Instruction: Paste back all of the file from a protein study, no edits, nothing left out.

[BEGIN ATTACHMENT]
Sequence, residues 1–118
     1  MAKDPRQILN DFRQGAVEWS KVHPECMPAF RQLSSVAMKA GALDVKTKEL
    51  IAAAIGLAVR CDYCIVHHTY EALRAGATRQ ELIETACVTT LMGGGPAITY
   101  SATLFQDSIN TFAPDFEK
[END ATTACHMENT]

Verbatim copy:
Sequence, residues 1–118
     1  MAKDPRQILN DFRQGAVEWS KVHPECMPAF RQLSSVAMKA GALDVKTKEL
    51  IAAAIGLAVR CDYCIVHHTY EALRAGATRQ ELIETACVTT LMGGGPAITY
   101  SATLFQDSIN TFAPDFEK